It is easy to think of climate as the weather at a particular place over a long period of time. And that is generally true. The climate of a region is determined by taking measurements of the day to day weather over a long period of time. For example, we know that the average mean yearly temperature for Danbury is almost exactly 50 degrees. This was determined by taking the temperature every day of the year for many decades.
The climate of a region is not just represented by its averages, but also it's extremes. It has been proven historically that in our region of the world we get hurricanes, blizzards, ice storms, thunderstorms, heat waves and bitter cold snaps. It is easy to see the importance of knowing the climate of the region in addition to the forecast. It better prepares us for what to expect, the typical weather and extremes alike.
However it is important to know that climate changes, just like the weather, but over a much greater period of time. Of growing concern recently is whether man-made pollutants are actually affecting climate. We've all heard of global warming, but no one actually knows to what extent humans are contributing to the sudden rise in the Earth's average temperature. There is no doubt that the Earth is warming up, the doubt lies in whether people are playing a role in it.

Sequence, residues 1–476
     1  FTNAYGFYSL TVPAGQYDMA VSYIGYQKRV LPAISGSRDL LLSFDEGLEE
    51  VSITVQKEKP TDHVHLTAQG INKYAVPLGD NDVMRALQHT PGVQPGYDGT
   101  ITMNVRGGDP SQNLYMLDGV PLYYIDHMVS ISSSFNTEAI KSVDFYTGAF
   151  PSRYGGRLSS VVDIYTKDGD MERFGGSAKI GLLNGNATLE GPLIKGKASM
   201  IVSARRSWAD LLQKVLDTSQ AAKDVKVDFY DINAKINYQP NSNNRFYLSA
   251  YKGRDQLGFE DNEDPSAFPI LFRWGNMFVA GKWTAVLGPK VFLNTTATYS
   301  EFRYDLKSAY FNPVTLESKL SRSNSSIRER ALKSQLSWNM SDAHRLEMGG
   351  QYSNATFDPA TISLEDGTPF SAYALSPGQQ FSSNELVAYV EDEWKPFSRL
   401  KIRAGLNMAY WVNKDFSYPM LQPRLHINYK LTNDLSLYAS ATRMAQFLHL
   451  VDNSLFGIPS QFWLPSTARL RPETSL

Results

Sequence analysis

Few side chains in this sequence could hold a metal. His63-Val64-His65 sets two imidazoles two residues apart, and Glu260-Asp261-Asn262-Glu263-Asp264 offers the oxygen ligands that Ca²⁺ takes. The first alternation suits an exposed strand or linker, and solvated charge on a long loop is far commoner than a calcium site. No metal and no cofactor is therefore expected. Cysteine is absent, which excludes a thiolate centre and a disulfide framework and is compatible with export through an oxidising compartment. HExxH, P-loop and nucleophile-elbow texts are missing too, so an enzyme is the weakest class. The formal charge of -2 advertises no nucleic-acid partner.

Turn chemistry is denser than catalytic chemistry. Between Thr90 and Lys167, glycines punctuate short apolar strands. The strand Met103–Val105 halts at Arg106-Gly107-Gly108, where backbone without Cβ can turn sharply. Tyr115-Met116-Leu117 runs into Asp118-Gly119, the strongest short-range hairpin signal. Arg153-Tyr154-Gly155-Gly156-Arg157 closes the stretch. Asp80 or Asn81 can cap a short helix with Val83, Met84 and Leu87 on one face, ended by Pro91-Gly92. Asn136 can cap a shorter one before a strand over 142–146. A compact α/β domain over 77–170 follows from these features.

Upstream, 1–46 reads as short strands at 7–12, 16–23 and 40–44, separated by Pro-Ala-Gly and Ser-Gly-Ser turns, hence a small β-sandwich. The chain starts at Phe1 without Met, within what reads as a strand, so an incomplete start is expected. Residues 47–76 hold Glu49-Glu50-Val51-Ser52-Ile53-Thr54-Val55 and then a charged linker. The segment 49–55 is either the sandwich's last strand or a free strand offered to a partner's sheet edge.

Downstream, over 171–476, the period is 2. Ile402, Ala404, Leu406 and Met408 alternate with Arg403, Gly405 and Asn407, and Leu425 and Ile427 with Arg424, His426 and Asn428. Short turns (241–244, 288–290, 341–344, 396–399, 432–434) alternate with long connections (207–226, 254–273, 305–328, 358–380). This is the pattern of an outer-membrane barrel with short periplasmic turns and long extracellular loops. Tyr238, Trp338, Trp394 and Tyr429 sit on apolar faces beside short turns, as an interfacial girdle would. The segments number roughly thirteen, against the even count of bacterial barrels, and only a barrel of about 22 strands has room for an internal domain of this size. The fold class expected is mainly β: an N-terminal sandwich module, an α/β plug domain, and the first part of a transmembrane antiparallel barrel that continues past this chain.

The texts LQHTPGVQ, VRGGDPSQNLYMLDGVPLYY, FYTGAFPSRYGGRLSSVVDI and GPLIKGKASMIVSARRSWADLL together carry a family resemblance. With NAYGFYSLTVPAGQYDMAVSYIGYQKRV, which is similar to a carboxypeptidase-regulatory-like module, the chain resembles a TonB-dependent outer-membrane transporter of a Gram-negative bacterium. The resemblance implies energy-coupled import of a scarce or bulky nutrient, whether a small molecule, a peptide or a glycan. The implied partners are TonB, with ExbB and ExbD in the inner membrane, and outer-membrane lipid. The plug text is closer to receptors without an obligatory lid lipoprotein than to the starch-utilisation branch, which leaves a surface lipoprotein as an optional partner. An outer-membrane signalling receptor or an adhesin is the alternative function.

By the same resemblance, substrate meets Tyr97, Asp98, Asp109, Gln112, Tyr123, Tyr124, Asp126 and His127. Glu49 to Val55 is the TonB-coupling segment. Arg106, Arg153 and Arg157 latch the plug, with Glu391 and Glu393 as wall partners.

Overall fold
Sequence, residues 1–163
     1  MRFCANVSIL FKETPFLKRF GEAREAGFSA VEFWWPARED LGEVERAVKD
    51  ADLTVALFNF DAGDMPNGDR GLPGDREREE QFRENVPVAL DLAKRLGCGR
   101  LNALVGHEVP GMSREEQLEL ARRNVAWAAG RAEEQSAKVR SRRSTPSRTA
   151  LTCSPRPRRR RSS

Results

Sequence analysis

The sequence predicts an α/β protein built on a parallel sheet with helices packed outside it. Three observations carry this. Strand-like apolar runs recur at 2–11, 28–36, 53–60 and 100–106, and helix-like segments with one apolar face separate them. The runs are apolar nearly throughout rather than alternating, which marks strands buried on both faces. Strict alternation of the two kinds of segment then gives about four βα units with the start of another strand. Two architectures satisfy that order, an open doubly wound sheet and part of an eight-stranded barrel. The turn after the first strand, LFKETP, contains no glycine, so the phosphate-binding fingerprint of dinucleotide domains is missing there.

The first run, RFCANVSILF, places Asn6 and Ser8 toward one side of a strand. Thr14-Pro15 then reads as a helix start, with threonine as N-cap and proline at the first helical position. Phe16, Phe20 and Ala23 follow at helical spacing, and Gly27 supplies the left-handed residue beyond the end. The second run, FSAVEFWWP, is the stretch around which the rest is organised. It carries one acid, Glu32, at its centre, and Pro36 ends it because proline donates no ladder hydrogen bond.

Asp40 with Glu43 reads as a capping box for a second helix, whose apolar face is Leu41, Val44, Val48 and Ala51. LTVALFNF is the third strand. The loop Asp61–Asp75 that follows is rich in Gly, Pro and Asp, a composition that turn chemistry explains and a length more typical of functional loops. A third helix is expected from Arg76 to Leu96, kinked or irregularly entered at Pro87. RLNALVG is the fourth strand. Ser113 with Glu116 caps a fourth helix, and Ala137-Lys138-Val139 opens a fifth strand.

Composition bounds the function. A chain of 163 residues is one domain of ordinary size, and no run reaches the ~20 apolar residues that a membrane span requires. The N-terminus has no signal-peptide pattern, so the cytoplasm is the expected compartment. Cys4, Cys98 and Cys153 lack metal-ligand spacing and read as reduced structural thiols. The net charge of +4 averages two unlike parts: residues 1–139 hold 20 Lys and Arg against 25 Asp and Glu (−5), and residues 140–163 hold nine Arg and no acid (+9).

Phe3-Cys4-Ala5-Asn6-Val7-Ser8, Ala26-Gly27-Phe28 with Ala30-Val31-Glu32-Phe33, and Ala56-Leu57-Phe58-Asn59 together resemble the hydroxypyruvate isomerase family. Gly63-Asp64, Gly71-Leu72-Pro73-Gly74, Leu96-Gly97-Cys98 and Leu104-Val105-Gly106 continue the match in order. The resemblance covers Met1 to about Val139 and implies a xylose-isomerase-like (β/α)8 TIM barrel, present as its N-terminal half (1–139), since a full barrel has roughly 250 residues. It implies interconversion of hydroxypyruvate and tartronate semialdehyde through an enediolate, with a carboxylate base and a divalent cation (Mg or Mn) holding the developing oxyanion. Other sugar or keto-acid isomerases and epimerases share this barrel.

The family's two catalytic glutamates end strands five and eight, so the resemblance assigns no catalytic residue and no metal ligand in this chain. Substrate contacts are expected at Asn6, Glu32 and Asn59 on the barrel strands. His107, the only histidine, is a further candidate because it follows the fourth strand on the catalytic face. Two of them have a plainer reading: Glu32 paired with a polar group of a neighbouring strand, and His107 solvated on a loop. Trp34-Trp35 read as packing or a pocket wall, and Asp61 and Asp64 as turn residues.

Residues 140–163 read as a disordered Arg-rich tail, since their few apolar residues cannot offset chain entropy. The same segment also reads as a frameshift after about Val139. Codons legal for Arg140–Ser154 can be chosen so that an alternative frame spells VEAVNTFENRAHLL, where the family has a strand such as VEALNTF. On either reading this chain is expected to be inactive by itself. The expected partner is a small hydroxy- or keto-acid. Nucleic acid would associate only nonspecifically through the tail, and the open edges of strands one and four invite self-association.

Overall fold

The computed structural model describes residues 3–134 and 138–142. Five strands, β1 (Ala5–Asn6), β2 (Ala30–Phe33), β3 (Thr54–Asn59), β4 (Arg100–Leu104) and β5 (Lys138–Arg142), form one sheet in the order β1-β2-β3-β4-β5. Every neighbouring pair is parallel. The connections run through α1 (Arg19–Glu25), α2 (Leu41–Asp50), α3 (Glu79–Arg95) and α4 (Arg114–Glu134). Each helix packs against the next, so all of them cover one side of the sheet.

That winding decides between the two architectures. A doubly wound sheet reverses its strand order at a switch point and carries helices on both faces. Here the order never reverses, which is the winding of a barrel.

In addition, recent studies have shown that telecommunication patterns have a very significant effect on our climate. El Nino/Southern Oscillation is the most famous telecommunication pattern, but there are many more that also alter our climate. This area of meteorology/climatology has been studied in the more recent past, and many questions remain as to what causes these oscillations, and what interaction they have with global warming.